by: Kerry Kavanaugh Updated:ATLANTA —
Channel 2 Action News has learned the Georgia secretary of state's office has opened an investigation into the Veteran's Support Organization.
The investigation comes after a Channel 2 Action News investigation.
The VSO is a local charity that pays veterans and some non-veterans to solicit donations.
A former employee told Channel 2's Kerry Kavanaugh the group used him as bait.
"We were the bait, we were glorified panhandlers," former employee Ralph Hiers told Kavanaugh.
Hiers said for three months he wore the Veterans Support Organization uniform and asked for donations.
"They told us to up-sell. You know, instead of getting a dollar, get $5, get $10, get $20. You had to be willing to say whatever," he said.
Hiers said he served in the first Gulf War and now suffers from post-traumatic stress disorder and bi-polar disorder.
He said he was struggling with mental health issues when he discovered the VSO at a veterans' event last fall.
Hiers said the VSO offered to give him a job and a home and help him find full-time employment.
long, hard hours," Hiers said.
Hiers' tax records show he only made a few hundred dollars.
The president of the Georgia chapter of the VSO, Jon Gravely, said its work program gives veterans a second chance.
"Approximately 70 percent (of collected donations) goes to program services, the housing, the gift card," Gravely told Kavanaugh.
They pay veterans to solicit donations outside shopping plazas and inside malls. The VSO's practices and claims have triggered investigations in Tennessee and Florida as well.
The Department of Veterans Affairs said it no longer works with the group because of a Federal Trade Commission investigation.
Now, Channel 2 Action News confirmed the Georgia secretary of
state's office opened its own investigation March 1.
The VSO provided Kavanaugh with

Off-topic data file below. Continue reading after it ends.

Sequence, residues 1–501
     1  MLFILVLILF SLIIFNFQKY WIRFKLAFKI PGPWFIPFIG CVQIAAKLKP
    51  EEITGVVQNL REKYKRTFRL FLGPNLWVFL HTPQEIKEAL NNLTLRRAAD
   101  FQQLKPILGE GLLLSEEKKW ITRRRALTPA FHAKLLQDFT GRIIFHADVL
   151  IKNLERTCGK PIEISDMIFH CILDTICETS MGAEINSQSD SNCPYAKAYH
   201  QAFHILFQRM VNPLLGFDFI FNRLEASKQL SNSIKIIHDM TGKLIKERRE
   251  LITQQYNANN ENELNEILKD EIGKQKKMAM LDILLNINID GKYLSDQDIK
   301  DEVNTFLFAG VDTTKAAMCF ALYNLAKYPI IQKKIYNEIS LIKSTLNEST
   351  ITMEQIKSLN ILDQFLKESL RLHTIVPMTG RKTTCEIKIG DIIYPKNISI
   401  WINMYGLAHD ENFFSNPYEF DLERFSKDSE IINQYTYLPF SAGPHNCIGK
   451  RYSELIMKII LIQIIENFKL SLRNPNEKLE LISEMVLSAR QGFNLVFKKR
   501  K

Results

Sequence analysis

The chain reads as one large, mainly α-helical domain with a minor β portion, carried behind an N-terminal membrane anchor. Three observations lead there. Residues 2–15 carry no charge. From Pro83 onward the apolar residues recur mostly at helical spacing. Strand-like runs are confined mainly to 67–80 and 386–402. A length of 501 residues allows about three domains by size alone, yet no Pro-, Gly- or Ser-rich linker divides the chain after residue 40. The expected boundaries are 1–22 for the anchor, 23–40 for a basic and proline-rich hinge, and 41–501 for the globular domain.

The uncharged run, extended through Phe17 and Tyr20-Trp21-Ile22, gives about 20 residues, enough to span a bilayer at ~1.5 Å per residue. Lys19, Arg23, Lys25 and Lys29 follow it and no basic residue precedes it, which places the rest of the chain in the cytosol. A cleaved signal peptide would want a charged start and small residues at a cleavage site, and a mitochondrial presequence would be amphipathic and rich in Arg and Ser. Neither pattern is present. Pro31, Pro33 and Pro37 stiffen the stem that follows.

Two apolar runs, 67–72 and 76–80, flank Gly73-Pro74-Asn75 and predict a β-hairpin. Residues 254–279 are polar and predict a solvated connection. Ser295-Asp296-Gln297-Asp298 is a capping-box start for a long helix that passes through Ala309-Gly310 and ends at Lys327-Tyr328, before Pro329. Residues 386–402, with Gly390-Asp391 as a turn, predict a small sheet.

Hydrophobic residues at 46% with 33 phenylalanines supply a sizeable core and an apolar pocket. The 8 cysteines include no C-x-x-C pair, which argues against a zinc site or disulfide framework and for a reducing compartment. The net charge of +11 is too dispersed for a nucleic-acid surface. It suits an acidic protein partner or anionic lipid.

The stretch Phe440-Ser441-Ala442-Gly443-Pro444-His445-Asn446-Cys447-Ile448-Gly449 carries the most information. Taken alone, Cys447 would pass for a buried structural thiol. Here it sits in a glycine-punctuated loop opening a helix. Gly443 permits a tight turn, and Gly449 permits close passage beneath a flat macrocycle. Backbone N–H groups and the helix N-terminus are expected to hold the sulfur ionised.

its amended 2011 tax return. It said nationally, VSO solicitors collected more than $8.5 million in donations. Of that, roughly $318,000 was donated to veterans in grants and gift cards.
The VSO said it gives veterans jobs, not donations.
The tax returns show that the veterans they hired earned $4.6 million in the work program, and that $1.2 million went toward housing programs offered in five states.
Daniel Borochof of watchdog group Charity Watch, disputes how the VSO categorizes that money.
He said it's not charity if veterans earn their money. He said that's a fundraising expense.
"They couch it in terms of a
job-training program when in actuality they are putting veterans out on the street to beg for money," Borochof said.
Despite the criticism, the VSO stands behind its work.
The organization's CEO, Richard VanHouten, emailed a statement saying, "We stand behind our organization's philosophy and programs. Most of all, we stand behind the hundreds of veterans we assist each year to get off the streets and into the workforce through VSO's work and housing programs."
Hiers said in his experience the VSO received more of his pay than he did.
"He never mentioned that I was going to have to pay $525 a month for that home," Hiers said.
Hiers said the VSO automatically deducted the rent for a Snellville home from every paycheck. Between the rent and uniform fees, Hiers said there was little left in his check for him.
"Quite frankly, it's just wrong. It needs to be shut down," Hiers said.
He said he quit the work program after three months.
Since Kavanaugh began looking into the group, she has heard from other veterans groups who say sending veterans out to solicit is an insult to the men and women who served their country.